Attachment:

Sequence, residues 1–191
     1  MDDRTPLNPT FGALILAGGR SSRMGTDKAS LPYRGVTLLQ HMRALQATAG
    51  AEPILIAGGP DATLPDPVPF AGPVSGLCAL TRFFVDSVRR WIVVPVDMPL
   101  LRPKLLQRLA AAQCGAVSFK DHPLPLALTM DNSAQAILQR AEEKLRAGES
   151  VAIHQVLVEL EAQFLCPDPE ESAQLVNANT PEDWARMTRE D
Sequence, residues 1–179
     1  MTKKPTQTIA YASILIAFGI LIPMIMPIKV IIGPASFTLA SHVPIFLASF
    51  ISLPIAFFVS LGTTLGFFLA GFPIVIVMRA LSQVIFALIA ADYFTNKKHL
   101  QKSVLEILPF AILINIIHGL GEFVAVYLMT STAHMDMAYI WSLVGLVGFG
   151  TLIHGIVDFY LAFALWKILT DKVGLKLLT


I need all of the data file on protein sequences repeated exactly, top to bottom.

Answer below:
Sequence, residues 1–191
     1  MDDRTPLNPT FGALILAGGR SSRMGTDKAS LPYRGVTLLQ HMRALQATAG
    51  AEPILIAGGP DATLPDPVPF AGPVSGLCAL TRFFVDSVRR WIVVPVDMPL
   101  LRPKLLQRLA AAQCGAVSFK DHPLPLALTM DNSAQAILQR AEEKLRAGES
   151  VAIHQVLVEL EAQFLCPDPE ESAQLVNANT PEDWARMTRE D
Sequence, residues 1–179
     1  MTKKPTQTIA YASILIAFGI LIPMIMPIKV IIGPASFTLA SHVPIFLASF
    51  ISLPIAFFVS LGTTLGFFLA GFPIVIVMRA LSQVIFALIA ADYFTNKKHL
   101  QKSVLEILPF AILINIIHGL GEFVAVYLMT STAHMDMAYI WSLVGLVGFG
   151  TLIHGIVDFY LAFALWKILT DKVGLKLLT